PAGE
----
In a stroke of unconventional casting, Brooke Shields plays art gallerist Susan Hoff, a friend of Maya’s who ultimately gives Leon the opportunity to show his photographic work at her downtown gallery. Shields, a renowned actress since her youth, is most recently known for her starring role on the NBC television series “Suddenly Susan,” “Nip/Tuck” and most recently “Lipstick Jungle.”
Shields points out that she made her debut as an actress in a horror movie at the age of nine, but hasn’t done one since. “I’m a fan of this type of genre film, even though I get really scared watching them,” she says
However, Shields was intrigued about playing a gallery owner who also has predator instincts. “Everybody’s really afraid of her, and it’s a big deal if you get to show in her gallery,” she says. “She has very specific tastes. And she’s not afraid to push the envelope—and push everyone around her too. At first I’m not impressed with Leon’s photography but then I end up getting sort of wowed by it because it’s uncomfortable. The darkness in the photography is something that I respond to.”
Shields continues, “I think of the film as a metaphor for the underbelly, where this life force that has been growing and accumulating for years and perhaps forever. My character doesn’t get to go on the actual journey with them, but I’m throughout, sort of on the outside discussing what the artistry is really about. Much like Clive Barker’s paintings -- they take a step beyond what you normally would see. Susan wants to see the darker side, the side that’s uncomfortable, the side that makes you want to close your eyes and turn away. I’m the one that sort of says, ‘I want you to go further. Don’t be safe. Don’t play it safe in any way.’”
Rounding out the main cast of THE MIDNIGHT MEAT TRAIN are a talented group of supporting actors including Scottish actor Tony Curran (UNDERWORLD: REVOLUTION) as the driver, Roger Bart (HOSTEL: PART II) as Leon’s art reviewer friend Jurgis; and Ted Raimi (SPIDERMAN 3, REIGN OVER ME) as a tourist on the train.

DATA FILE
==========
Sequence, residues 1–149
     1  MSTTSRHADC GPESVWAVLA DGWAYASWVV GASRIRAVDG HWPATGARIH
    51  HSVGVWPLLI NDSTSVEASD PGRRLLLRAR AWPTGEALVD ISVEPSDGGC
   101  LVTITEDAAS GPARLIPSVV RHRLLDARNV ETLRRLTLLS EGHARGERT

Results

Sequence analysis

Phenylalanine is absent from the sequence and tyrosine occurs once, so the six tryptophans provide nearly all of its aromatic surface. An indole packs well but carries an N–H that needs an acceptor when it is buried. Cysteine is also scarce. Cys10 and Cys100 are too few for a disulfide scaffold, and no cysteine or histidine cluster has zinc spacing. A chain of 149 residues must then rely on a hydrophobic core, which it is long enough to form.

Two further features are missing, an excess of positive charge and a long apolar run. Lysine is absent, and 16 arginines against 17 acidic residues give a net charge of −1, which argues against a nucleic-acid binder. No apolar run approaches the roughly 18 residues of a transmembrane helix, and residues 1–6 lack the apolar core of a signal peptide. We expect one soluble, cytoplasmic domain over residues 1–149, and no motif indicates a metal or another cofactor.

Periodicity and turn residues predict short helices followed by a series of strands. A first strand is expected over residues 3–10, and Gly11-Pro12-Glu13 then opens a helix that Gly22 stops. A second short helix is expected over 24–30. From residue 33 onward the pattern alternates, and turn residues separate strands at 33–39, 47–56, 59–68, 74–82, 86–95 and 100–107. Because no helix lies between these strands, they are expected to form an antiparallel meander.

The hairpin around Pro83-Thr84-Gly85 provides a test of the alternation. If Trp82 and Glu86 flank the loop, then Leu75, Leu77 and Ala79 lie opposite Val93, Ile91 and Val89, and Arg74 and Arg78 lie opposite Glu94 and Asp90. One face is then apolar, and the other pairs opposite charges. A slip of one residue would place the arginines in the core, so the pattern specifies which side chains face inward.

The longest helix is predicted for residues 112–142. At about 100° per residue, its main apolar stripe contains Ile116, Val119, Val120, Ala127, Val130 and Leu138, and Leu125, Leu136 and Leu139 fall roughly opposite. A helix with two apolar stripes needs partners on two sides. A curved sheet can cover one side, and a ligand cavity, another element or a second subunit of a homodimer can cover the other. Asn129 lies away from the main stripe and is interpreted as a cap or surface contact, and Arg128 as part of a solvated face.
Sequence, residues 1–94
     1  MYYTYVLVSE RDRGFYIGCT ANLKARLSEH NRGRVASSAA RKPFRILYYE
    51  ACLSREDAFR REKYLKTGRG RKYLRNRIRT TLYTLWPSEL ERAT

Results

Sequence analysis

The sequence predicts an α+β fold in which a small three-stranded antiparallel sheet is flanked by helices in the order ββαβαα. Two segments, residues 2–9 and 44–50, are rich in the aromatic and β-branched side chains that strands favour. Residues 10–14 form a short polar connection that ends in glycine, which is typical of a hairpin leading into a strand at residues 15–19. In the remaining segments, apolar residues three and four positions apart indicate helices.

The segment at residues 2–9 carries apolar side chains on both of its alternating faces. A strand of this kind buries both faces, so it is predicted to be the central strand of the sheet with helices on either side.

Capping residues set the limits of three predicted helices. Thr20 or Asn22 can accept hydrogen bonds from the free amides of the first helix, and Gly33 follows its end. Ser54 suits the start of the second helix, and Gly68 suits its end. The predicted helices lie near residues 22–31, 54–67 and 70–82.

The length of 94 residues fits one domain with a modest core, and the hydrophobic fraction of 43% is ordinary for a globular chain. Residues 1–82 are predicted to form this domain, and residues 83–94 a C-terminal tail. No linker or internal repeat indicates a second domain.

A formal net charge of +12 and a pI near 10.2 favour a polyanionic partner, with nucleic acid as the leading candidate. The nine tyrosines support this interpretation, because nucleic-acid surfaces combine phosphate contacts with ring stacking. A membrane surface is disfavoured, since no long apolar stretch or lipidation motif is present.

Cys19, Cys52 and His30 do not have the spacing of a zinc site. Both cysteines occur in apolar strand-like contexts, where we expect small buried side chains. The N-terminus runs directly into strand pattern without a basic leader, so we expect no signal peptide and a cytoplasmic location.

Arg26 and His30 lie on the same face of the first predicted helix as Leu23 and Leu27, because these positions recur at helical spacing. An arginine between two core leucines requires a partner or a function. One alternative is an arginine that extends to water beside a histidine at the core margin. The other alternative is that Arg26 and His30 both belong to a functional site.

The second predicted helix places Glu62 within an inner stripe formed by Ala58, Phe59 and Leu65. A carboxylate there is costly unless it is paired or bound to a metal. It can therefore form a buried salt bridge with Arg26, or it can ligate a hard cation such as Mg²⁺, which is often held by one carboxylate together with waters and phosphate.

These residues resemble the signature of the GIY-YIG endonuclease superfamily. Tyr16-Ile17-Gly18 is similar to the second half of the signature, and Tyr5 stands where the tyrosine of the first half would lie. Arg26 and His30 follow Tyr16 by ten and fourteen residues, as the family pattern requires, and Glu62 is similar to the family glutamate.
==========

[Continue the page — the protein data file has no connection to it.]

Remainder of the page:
UFC mixed martial arts champion Quinton “Rampage” Jackson also appears in a memorable train fight sequence with Mahogany. “The idea behind casting Rampage in the movie was that this is the only character that really can come close to stopping Mahogany,” notes producer Gary Lucchesi. “That maybe Mahogany has messed with the wrong guy is a little bit of an inside joke for those of us who know who Rampage is. When casting him, we learned that he was interested in doing something funny in the movie and we saw that as a real opportunity.”
Tom Rosenberg hopes that THE MIDNIGHT MEAT TRAIN will set a new tone for horror movies. “Every kind of preconceived notion that we have about horror movies in terms of tone, action, blood, in terms of the beats that lead up to the horror, the beats that happen after; this movie takes those very familiar, very conventional aspects and turns them on their side. We are doing something that's slightly different, doing something that is going to give the audience something new and something refreshing, and hopefully that'll translate into a lot of people enjoying the movie.”
To sum up, Clive Barker hopes that audiences “leave the theaters with their seats damp,” he chuckles. “I want them to lose control of their bladders with terror. But, you know, I really want them to come out and say, ‘That was the ride I wanted it to be. That was the journey I wanted to take. I took a journey into the dark.’ And, you know, one of the things horror does is it allows you to face your fears in a safe form and survive. You watch other people die and you think, ‘Hey, it wasn’t me.’ I think this movie is going to take people to a very, very dark place and deliver them at last out into the night, out into the day, feeling like they survived quite a ride.”